Banner Implementation

Frequently Asked Questions


What is the Banner Project?
The Banner Project will replace the University’s current SCT Plus administrative system with SCT Banner over several years and will involve all areas of the University. Elements of the system that will be replaced or upgraded include the University’s current systems for:
  • Admissions;
  • Student Records;
  • Degree Audit;
  • Accounting;
  • Procurement;
  • Payroll; and
  • Human Resources and Benefits Management.                       

Why is the University replacing the current administrative system?
Implemented on campus in 1985, SCT Plus works and complies with all current regulations, but is based on older technology that makes it expensive to operate and difficult to enhance. Use and support for SCT Plus is also dwindling. Remaining SCT Plus campuses are either planning the replacement of SCT Plus or implementing a more current system. Because support for SCT Plus will discontinue in the coming years, now is the time to implement a more current, cost-effective and user-friendly system that more readily supports the University.

How and why did the University select SCT Banner?
The University began actively examining SCT Plus replacement options following the approval of the University’s Sesquicentennial Strategic Plan in 2003. Focus groups of representatives from Academic Affairs, Enrollment Services, Finance, Human Resources and Information Technology met to develop requirements and consider system alternatives, and met with representatives from Datatel, PeopleSoft and SCT to learn about potential replacements.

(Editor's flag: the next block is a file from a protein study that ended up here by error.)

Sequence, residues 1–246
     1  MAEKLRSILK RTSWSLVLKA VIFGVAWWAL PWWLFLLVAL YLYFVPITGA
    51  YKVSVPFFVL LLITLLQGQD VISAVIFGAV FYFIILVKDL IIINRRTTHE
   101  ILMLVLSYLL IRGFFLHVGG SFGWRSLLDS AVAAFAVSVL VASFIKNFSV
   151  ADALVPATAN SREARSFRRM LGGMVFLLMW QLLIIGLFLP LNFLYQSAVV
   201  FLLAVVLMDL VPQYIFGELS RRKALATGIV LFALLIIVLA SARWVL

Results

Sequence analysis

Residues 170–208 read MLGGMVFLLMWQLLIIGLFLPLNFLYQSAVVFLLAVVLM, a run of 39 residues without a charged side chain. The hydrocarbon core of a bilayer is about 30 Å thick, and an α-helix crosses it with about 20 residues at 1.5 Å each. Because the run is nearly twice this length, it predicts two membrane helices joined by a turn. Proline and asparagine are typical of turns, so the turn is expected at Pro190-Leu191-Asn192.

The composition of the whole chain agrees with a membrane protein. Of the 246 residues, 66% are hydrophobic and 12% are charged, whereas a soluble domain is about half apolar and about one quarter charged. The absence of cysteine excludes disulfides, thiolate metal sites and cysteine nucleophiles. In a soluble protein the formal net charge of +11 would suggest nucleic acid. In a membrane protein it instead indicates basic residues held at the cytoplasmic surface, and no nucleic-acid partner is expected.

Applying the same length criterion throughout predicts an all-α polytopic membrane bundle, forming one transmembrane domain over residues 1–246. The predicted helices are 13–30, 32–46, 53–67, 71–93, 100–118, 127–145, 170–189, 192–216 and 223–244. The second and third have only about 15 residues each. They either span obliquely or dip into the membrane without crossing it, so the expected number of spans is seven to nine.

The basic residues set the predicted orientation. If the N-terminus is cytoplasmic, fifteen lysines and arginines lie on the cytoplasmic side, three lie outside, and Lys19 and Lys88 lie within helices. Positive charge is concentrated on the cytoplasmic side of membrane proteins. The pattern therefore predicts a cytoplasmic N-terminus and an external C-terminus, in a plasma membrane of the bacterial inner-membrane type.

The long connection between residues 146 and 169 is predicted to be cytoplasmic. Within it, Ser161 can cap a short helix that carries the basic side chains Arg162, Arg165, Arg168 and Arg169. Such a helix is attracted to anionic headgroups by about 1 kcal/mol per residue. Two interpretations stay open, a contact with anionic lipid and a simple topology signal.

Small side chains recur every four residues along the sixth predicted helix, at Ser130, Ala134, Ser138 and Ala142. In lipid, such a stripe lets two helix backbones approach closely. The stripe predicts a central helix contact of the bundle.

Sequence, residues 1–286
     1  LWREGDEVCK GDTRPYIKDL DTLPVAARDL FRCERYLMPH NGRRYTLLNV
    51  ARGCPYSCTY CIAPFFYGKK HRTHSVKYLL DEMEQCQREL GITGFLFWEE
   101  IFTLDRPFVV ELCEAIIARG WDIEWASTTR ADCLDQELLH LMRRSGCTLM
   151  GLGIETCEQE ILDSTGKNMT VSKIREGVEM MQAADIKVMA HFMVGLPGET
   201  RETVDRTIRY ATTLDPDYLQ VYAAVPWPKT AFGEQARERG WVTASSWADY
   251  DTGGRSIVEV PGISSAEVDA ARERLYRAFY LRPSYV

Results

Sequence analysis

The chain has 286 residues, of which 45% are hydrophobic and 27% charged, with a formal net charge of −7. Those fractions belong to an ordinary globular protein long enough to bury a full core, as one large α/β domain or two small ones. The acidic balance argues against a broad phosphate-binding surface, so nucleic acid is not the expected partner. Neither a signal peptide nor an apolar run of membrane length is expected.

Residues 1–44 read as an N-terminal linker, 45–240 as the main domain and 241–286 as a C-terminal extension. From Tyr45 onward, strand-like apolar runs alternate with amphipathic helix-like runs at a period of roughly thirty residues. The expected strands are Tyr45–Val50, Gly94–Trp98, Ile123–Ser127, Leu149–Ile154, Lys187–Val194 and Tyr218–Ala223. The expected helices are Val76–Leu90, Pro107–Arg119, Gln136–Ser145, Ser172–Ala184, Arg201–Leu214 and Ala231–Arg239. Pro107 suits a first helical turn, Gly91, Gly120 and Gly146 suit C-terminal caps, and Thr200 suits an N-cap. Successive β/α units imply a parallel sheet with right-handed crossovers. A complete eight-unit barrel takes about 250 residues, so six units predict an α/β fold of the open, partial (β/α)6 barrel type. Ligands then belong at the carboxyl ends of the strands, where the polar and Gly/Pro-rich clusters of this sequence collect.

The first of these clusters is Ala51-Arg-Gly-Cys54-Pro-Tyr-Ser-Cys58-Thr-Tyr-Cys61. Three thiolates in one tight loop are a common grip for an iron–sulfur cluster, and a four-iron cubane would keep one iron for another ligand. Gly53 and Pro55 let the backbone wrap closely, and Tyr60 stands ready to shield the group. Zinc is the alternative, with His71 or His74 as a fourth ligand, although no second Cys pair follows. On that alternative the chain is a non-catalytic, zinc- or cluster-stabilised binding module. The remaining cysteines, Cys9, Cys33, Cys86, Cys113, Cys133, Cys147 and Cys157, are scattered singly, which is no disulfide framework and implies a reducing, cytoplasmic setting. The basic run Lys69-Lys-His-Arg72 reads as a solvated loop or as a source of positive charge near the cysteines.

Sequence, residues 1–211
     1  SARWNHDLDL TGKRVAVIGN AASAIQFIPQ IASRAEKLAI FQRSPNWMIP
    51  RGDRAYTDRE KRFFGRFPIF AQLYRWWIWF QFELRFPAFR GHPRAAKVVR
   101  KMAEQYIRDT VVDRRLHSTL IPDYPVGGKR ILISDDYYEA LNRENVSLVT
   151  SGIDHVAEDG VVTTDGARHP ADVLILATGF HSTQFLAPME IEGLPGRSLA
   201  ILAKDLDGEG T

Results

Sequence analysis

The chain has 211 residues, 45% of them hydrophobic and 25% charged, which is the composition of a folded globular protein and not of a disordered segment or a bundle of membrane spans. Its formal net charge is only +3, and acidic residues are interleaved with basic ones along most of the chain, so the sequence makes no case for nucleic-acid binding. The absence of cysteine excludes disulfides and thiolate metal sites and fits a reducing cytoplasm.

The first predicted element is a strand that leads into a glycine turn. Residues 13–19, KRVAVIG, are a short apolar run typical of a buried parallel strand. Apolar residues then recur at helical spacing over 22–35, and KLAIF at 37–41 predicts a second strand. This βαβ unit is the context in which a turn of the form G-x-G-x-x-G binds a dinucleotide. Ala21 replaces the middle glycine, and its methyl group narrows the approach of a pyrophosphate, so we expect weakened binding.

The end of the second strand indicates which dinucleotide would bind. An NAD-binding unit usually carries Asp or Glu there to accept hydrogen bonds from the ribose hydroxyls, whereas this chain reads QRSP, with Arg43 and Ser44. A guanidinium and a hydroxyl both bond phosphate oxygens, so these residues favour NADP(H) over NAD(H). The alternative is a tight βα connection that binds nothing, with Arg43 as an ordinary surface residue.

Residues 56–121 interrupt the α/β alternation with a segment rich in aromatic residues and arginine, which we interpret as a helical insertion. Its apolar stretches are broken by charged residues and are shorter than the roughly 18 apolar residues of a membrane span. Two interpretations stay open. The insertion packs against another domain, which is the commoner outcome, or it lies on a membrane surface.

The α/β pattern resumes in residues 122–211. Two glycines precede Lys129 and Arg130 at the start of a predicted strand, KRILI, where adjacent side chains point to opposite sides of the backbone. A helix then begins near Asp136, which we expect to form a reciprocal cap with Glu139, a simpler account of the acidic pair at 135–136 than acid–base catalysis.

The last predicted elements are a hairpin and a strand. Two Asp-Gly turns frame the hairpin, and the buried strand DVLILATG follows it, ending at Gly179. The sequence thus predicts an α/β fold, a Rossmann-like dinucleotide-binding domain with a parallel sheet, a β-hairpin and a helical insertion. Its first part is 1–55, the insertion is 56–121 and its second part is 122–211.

By Spring 2004, the University developed formal criteria for selecting an SCT Plus system. The new system would be:

  • a recognized leader in higher education administrative systems;
  • an integrated system, combining student records, financial records, human resource management and payroll;
  • based on state-of-the-art and readily supported database technology; and
  • a mature system, with a minimum of 25 complete installations in the configuration proposed by the vendor. (This specific criteria served to eliminate vendors who were not well-established in the higher education arena.)

In July 2004, a cross-functional Administrative Selection Task Team developed a formal Request for Proposals (RFP). Throughout the summer, subgroups developed specific user requirements. A comprehensive vendor review determined that two vendors — PeopleSoft and SCT— met all of the University’s requirements.